Once I did finish, it was probably much easier than I’d imagined. I sent the book off to an agent and although it took him a few months to read it, from the point that he finally did everything came together very quickly. Eight weeks later, we had two publishers bidding against each other for it and less than a year after that, it was a Sunday Times bestseller. The speed of it had my head whirling and it took ages to get used to the idea.
Your books are quite dark. How would you describe your own character and personality?
Oh dark, very very dark… Seriously, I’m not sure I’m best placed to judge it but it’s safe to say that most people who write dark books are not depressive maniacs. Indeed, there’s a line of thought that we’re more balanced than most because we can get any dark thoughts out of our system and down on paper.
Others would probably say I’m competitive and mischievous, creative and stubborn. I take my writing seriously but not myself.
Crime writers tend to be a very welcoming and sociable bunch (even if many are outgoing introverts). We meet regularly at different book festivals across the UK and the world and it’s always a lot of laughs, mostly at the bar into the early hours.
Scotland seems to have a thriving community of crime writers. What makes Scots so interested in the darker side of life?
For me, crime fiction offers the perfect way to explore and comment on the issues facing society today. There’s a lot of things wrong in the world and the crime novel can tackle these head on, hopefully in an entertaining, non-moralising manner.
My books are set in Glasgow and it’s an undoubtedly a confrontational, aggressive city – a great city – and it lends itself perfectly to a dark, gritty crime book. I’d no more think of setting a cosy tale in Glasgow than I would of walking up to someone and asking them what football team they support.
Scots writers seem to have a natural leaning towards the dark. From James Hogg and Robert Louis Stevenson to Arthur Conan Doyle and all the way through to William McIlvanney and Ian Rankin, we’ve been drawn to the bleak side of human nature. Maybe it’s the weather making us miserable or, more likely, we are fired by an inquisitiveness as to the origins, depths and consequences of society’s worst behaviour.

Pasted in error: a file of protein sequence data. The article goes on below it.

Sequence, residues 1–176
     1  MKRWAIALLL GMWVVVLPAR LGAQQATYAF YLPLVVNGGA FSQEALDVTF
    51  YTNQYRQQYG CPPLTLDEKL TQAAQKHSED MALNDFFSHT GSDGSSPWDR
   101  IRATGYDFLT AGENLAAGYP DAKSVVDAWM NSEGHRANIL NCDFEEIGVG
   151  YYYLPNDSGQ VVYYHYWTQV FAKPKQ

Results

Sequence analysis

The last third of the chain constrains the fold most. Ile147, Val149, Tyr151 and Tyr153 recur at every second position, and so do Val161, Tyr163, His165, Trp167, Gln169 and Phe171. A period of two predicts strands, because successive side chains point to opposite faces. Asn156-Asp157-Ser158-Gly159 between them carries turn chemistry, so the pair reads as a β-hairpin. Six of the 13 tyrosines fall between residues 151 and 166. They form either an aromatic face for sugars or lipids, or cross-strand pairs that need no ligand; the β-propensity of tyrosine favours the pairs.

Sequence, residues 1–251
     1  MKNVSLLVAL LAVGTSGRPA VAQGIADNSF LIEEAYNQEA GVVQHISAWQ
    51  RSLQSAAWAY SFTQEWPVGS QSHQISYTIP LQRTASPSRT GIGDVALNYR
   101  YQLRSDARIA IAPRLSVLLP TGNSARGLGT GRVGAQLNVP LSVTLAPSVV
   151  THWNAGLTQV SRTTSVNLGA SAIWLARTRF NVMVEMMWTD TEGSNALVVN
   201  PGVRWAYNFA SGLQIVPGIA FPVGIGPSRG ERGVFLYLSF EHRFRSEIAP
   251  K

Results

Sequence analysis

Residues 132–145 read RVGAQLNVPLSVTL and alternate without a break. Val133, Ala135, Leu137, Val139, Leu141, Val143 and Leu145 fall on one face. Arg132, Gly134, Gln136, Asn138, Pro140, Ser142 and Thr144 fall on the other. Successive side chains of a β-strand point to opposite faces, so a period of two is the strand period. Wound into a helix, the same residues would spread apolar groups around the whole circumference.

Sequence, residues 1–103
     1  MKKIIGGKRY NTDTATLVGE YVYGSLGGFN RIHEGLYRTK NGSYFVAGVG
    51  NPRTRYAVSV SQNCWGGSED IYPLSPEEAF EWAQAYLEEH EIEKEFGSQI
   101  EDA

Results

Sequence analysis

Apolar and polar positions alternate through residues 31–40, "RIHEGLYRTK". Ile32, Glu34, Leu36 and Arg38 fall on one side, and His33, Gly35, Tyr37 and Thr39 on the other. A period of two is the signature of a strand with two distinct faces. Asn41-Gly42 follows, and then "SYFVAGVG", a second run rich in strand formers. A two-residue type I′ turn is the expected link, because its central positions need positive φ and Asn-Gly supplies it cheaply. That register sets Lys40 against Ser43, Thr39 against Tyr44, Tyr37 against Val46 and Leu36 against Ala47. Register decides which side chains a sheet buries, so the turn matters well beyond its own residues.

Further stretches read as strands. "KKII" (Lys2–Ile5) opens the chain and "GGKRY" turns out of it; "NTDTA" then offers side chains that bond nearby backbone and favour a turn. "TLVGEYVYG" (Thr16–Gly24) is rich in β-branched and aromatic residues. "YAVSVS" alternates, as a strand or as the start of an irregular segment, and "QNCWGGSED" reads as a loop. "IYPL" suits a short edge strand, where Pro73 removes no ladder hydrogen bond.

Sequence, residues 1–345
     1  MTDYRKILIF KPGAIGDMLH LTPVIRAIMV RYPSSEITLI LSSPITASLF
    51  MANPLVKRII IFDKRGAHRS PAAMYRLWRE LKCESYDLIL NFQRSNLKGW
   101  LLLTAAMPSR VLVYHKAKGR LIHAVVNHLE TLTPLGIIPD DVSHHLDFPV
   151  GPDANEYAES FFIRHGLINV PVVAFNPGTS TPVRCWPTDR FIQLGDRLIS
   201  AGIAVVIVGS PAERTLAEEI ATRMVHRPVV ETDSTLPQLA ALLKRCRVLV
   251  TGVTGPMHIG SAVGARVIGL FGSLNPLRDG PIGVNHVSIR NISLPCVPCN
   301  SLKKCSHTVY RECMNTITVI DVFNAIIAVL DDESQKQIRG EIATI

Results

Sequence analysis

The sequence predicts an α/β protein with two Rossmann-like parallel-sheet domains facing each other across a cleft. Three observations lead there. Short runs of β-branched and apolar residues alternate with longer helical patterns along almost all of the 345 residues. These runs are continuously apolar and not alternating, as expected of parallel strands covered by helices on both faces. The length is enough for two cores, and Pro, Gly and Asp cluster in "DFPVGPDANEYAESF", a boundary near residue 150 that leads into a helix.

Which of your books would you recommend as a starting point for readers new to your work?
Random was my first and there’s a case for saying start at the beginning but you can pretty much jump in anywhere and see how you like it. I write a series featuring DI Rachel Narey and scenes of crime photographer Tony Winter. Their relationship changes and develops through the books but, that apart, the books are designed that they can be read in any order without knowing what went before.
There are seven novels in all, the most recent being Murderabilia which was published in September. Six of them are set in Glasgow and the other – The Last Refuge – is set in the remote Faroe Islands.
Lots of writers use social media like Twitter and Facebook. Do you use them for help with your work as a writer, or just for keeping in touch with family and friends?
Very few writers I know don’t use social media. It’s pretty much expected of you that you will use it for publicity purposes and to engage with your readers.
I started out trying to keep Twitter for book-related stuff and leave Facebook for friends and family but it just became impossible to keep the two separate. I just got so many friend requests from readers, bloggers, reviewers and the like that I had to open up Facebook as well. It’s worked out fine though, the vast majority of people only have good things to say and it’s fun to be able to interact with readers there as well as through my website.
What’s the last book, other than one of your own, that you read? Would you recommend it?
It was Then She Was Gone by Luca Veste. It’s the fourth in his Murphy and Rossi series and I’d say it’s definitely his best yet. It’s tightly drawn, fast-paced and highly topical. If you like your crime novels to be gritty and political then I’d highly recommend it.